Full Text Available The undercover partner takes part in the process of providing the investigating bodies with information. This institution carries out activities similar to undercover investigator. These both represent a proactive investigating instrument used by criminal authorities to obtain better results concerning the fight against criminality. Under the cover another identity, they carefully search for crimes or favorable circumstances for commitment of others new.

  16. UNDERCOVER PARTNER

    Directory of Open Access Journals (Sweden)

    Marian ALEXANDRU

    2016-06-01

    Full Text Available The undercover partner takes part in the process of providing the investigating bodies with information. This institution carries out activities similar to undercover investigator. These both represent a proactive investigating instrument used by criminal authorities to obtain better results concerning the fight against criminality. Under the cover another identity, they carefully search for crimes or favorable circumstances for commitment of others new.

  17. Influences on the choice of health professionals to practise in rural ...

    African Journals Online (AJOL)

    Influences on the choice of health professionals to practise in rural areas. ... Training health care professionals (HCPs) to work in rural areas is a ... Themes identified included personal, facilitating, contextual, staying and reinforcing factors.

  18. The relationship between monogamous/polygamous family structure and the mental health of bedouin Arab adolescents.

    Science.gov (United States)

    Elbedour, S; Bart, William; Hektner, Joel

    2007-04-01

    Previous studies of polygamy and child mental health have primarily focused on younger children. The present studies are among the first to focus on adolescents. The first study involved 210 randomly selected Bedouin Arab adolescents (mean age 15.9), who were administered instruments assessing their family environment and mental health. The second study involved 182 Bedouin Arab adolescents in which the student participants completed a single instrument about themselves and in which the teachers of the students completed the Teachers' Report Form of the Child Behaviour Checklist by Achenbach. The Bedouin Arab adolescents fell into two groups: (a) adolescents in monogamous family structures and (b) adolescents in polygamous family structures. The findings of the first study suggest that the two groups did not differ significantly in the majority of the assessed variables, even though there were significant differences obtained between groups for 4 of the 13 assessed variables. The two groups did not differ significantly in the second study. Results were discussed in terms of their cultural and developmental significance.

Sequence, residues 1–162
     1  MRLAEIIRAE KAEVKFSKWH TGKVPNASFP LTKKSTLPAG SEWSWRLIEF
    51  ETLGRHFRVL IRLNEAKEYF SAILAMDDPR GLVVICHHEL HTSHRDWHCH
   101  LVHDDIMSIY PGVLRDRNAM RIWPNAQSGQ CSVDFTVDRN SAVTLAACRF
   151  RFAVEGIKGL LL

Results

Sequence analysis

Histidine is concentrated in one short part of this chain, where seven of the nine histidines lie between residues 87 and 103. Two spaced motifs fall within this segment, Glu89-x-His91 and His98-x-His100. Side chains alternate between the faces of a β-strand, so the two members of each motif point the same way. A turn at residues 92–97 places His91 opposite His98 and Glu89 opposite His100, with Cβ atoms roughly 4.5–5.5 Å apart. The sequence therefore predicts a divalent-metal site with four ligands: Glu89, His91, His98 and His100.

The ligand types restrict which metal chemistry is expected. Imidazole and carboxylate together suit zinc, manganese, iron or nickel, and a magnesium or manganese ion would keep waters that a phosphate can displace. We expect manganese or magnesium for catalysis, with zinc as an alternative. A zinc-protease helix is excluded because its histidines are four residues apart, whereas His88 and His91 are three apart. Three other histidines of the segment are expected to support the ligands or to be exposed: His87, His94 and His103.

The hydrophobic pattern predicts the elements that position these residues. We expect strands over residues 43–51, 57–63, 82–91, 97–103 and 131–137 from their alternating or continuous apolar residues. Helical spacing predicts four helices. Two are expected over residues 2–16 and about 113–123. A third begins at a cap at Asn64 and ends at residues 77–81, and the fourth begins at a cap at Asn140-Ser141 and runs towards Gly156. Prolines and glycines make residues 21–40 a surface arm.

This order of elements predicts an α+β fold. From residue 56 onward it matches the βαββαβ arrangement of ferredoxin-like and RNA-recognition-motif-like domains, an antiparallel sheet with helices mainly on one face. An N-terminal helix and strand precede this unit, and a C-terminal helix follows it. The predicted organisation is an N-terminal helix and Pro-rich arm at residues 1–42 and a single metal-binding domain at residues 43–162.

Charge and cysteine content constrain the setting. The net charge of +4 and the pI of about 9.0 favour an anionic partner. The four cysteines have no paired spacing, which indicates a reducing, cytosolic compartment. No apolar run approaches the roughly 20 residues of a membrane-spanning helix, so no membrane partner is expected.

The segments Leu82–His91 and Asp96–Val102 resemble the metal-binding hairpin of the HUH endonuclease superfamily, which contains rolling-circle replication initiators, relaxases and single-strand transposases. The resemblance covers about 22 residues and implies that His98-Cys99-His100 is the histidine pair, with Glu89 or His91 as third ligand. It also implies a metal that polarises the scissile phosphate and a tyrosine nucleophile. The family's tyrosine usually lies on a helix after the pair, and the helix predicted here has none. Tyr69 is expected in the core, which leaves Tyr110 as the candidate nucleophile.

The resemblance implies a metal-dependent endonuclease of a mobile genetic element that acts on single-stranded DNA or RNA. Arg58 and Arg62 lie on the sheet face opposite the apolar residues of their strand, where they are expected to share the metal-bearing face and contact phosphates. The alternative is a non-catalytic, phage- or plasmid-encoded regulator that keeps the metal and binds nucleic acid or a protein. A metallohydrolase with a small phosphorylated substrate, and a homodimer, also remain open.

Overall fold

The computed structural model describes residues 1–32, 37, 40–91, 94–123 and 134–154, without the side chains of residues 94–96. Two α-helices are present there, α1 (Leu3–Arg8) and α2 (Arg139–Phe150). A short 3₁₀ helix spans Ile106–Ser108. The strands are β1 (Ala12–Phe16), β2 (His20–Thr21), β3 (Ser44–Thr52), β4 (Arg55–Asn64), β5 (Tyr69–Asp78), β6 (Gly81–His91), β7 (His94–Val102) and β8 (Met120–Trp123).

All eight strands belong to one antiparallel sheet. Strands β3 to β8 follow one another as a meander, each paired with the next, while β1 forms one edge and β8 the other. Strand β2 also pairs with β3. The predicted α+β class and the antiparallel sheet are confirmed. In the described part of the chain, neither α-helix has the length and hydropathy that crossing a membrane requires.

19. Chronic social isolation enhances reproduction in the monogamous prairie vole (Microtus ochrogaster).

    Science.gov (United States)

    Perry, Adam N; Carter, C Sue; Cushing, Bruce S

    2016-06-01

    Chronic stressors are generally considered to disrupt reproduction and inhibit mating. Here we test the hypothesis that a chronic stressor, specifically social isolation, can facilitate adaptive changes that enhance/accelerate reproductive effort. In general, monogamous species display high levels of prosociality, delayed sexual maturation, and greater parental investment in fewer, higher quality offspring compared with closely related polygynous species. We predicted that chronic social isolation would promote behavioral and neurochemical patterns in prairie voles associated with polygyny. Male and female prairie voles were isolated for four weeks and changes in mating behavior, alloparental care, estrogen receptor (ER) α expression and tyrosine hydroxylase (TH) expression in brain regions regulating sociosexual behavior were examined. In males, isolation accelerated copulation, increased ERα in the medial amygdala (MEApd) and bed nucleus of the stria terminalis (BSTpm), and reduced TH expression in the MEApd and BSTpm, but had no effect on alloparental behavior. In females, isolation resulted in more rapid estrus induction and reduced TH expression in the MEApd and BSTpm, but had no effect on estradiol sensitivity or ERα expression. The results support the hypothesis that ERα expression in the MEApd and BSTpm is a critical determinant of male copulatory behavior and/or mating system. The lack of change in alloparental behavior suggests that changes in prosocial behavior are selective and regulated by different mechanisms. The results also suggest that TH in the MEApd and BSTpm may play a critical role in determining mating behavior in both sexes.

  20. Evidence of polygamy in the socially monogamous Amazonian fish Arapaima gigas (Schinz, 1822 (Osteoglossiformes, Arapaimidae

    Directory of Open Access Journals (Sweden)

    Izeni Pires Farias

    2015-03-01